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Hello, I am completely useless with cars, for a few months now our car doesn't start if it has been used recently. Most of the time if the car has been used in the last hour when you turn the ignition all the lights radio etc work but the car doesn't start, you can hear a clicking. Once it's been left a few hours it will start fine again. Have been ignoring this problem for a while trying to avoid these situations but have been stranded a few too many times now! Father in law checked the car with one of the diagnostic things and it says no problem. We bought the car from them and they say a few years ago they had a similar problem and the egc valve needed changing. Garage said this would cost £250 to replace so just wondering whether anyone could advise me if that sounds like what could be the problem?! I can't seem to find anything online that says a symptom of an egc valve that needs changing is intermittent starting. Does anyone have any other suggestions of what it could be? I am dreading a massive bill :( It is a Corsa cdti design 1.4. 2005
 

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Sure you don't mean egr or ICV? Never heard of the above.


Egr would not stop it starting, sounds like the issue is when the engine is hot
 

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I know this thread is a bit old, but, I've had similar problems with my corsa b. Car would be fine for ages, then, all of a sudden wouldn't start. It would happen on both cold and hot starts. Sometimes car would sluggishly crank, without catching, then the battery would die after a few attempts. Other times, I would just get a loud single click from starter solenoid/bendix. After checking battery voltage, cranking power, checking/cleaning/tightening all electrical connections to battery/starter motor and earth straps and impedance testing all wiring, I swapped out the starter motor for a 2nd hand jobby from fleabay (£13.49 inc. P&P). Car started 1st turn of the key and, touch wood, has been fine since.
 

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Hi I have a similar problem with my 2001 SXI DTI, she will work all day long but then you jump in turn the key and nothing. Everything else works but no ignition, take the key out and try again sometimes nothing but sometime she starts. Do I need a replacement starter motor and if so can an idiot it one?
 

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If, when you turn the key to 'ignition', the warning lights do NOT come on, then the problem is more likely to be the ignition switch itself OR connections to/from it.

Changing that switch is a 'bit of a pain' so be sure that the connections are OK first of all.

Regards
 

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Hi I have a similar problem with my 2001 SXI DTI, she will work all day long but then you jump in turn the key and nothing. Everything else works but no ignition, take the key out and try again sometimes nothing but sometime she starts. Do I need a replacement starter motor and if so can an idiot it one?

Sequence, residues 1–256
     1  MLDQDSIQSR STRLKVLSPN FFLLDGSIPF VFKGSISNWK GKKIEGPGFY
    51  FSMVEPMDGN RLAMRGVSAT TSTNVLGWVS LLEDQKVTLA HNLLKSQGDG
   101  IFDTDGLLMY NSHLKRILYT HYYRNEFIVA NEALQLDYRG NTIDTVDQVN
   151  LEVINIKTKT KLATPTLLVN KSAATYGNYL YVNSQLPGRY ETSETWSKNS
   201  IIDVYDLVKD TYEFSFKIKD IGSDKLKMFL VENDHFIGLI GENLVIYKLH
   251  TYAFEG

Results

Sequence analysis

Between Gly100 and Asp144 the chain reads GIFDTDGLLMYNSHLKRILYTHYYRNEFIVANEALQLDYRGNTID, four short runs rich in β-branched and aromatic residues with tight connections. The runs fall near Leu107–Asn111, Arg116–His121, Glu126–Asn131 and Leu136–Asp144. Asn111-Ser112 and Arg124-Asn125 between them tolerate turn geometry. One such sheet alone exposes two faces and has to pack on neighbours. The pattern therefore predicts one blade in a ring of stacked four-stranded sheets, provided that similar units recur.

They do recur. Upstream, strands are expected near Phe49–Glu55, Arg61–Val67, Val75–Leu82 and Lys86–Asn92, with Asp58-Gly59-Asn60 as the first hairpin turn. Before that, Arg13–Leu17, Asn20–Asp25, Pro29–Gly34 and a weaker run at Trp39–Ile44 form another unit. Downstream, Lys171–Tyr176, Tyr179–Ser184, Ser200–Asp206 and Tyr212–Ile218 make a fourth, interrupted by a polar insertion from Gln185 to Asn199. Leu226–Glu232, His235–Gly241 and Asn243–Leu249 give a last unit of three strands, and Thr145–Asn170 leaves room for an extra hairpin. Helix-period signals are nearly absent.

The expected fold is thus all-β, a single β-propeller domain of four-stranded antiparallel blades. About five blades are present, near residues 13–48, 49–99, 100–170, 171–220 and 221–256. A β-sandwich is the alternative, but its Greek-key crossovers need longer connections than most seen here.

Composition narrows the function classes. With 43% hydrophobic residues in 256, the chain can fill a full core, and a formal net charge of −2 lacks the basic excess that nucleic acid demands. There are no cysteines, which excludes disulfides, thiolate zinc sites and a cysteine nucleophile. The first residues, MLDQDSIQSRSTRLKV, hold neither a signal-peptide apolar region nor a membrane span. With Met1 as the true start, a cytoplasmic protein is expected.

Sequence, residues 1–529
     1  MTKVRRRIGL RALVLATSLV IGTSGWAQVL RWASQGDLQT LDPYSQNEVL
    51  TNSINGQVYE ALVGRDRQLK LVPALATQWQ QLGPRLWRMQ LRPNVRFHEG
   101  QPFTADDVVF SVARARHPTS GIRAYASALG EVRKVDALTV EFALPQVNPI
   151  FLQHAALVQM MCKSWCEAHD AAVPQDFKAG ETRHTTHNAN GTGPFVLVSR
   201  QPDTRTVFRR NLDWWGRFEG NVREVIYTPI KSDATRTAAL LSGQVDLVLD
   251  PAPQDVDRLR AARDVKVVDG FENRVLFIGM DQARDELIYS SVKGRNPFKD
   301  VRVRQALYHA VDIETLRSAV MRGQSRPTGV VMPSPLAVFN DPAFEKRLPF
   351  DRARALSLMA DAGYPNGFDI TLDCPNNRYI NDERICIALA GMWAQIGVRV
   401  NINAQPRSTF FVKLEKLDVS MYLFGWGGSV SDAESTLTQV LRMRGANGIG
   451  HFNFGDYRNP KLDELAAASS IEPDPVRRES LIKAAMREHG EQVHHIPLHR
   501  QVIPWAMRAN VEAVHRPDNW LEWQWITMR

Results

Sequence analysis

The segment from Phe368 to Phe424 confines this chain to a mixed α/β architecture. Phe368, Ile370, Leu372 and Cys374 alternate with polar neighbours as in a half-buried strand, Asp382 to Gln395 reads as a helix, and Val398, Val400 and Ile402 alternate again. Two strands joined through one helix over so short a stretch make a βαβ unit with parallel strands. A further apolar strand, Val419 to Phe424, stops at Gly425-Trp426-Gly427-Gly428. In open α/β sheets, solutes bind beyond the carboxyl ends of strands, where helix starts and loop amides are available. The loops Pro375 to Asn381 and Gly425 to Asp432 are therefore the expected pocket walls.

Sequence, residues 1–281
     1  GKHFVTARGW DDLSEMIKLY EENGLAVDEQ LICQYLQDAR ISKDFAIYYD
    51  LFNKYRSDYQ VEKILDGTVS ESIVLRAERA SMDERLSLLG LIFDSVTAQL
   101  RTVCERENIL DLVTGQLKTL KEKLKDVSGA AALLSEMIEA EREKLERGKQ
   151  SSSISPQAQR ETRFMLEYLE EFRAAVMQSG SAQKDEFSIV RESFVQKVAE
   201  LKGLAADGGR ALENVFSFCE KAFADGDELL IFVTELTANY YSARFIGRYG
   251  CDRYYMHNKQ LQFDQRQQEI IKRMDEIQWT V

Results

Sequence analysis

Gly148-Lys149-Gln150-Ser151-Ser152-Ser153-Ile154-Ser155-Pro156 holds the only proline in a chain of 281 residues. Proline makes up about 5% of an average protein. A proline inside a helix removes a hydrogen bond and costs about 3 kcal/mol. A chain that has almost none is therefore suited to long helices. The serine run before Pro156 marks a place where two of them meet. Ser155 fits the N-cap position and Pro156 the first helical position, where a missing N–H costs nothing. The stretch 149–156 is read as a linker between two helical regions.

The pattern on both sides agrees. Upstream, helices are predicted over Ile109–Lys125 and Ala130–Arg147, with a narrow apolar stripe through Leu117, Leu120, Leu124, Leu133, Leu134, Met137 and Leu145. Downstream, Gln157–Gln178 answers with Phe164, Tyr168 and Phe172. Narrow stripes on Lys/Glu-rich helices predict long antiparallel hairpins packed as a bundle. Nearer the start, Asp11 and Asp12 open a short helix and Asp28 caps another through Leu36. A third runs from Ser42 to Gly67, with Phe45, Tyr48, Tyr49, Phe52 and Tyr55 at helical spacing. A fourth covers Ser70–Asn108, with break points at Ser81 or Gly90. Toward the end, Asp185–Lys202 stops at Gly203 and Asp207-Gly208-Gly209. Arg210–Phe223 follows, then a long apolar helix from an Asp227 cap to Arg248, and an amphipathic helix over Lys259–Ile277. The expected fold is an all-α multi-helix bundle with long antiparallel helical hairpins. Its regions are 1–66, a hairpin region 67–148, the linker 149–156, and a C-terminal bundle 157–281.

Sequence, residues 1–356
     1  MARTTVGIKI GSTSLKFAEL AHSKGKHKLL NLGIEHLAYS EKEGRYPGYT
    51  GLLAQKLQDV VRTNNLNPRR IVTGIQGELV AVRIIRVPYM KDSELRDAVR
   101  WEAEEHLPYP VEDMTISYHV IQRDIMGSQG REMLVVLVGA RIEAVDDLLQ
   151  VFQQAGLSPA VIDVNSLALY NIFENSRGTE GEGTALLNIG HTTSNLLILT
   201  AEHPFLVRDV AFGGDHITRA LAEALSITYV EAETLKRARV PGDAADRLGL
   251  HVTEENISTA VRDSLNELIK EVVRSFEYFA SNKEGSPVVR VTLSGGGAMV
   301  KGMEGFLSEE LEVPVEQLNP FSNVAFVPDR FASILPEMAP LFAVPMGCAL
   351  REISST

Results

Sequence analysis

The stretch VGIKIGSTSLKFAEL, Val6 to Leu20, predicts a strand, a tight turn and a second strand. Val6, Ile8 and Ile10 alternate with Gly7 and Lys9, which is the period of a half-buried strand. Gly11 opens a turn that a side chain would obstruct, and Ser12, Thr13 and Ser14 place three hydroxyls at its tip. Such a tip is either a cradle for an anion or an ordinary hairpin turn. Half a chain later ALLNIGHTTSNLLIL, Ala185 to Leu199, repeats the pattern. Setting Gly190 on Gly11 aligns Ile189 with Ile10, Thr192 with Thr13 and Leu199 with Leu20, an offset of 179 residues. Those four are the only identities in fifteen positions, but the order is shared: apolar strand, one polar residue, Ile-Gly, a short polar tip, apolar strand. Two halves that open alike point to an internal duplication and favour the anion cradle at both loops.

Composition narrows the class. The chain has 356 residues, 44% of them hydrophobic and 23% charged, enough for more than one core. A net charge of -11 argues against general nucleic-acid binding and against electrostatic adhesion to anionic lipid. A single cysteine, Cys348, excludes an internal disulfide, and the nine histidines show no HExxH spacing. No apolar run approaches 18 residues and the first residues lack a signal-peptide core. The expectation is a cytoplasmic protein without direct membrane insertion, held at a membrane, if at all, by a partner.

Are you getting any check engine light indicating that the computer senses a problem when this happens? Or does the car act like nothing is ever wrong?

Anyway, it could be the starter, could be a loose wire or bad earth connection to the starter, could also be an immobilizer problem (there's a chip inside your key, and a transponder mounted near the ignition senses its presence before allowing the engine to start....but I believe this one would show up with a check engine light).
 

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If there's no check engine lights on then its probably the starter (or a faulty wire that goes to the starter) and not an immobilizer issue.

A starter isn't that hard to remove and refit per se (just a few bolts and wires), except that it must be carefully shimmed to make sure that the teeth on the starter motor gear line up properly with the teeth on the flywheel. If they line up incorrectly then it will either bind or wear out the teeth unevenly until something fails. When the old starter is removed, one must make sure that they don't lose any of the shims that were originally on there when the starter was bolted in place, and then check carefully that the replacement starter has the same dimensions as the original. Sometimes aftermarket replacement starters are slightly different than the factory originals, and the installer must compensate for this by adding, removing or adjusting the shims to get the teeth to line up the same as before.

If you have a multimeter, then you can check the electrics as shown in this video. With everything being made in china nowadays, decent multimeters are cheap as chips, or you might know a neighbour that has one you can borrow. Otherwise, if you don't feel that confident with repairs, it might be best to have a mechanic diagnose and repair the problem.
 
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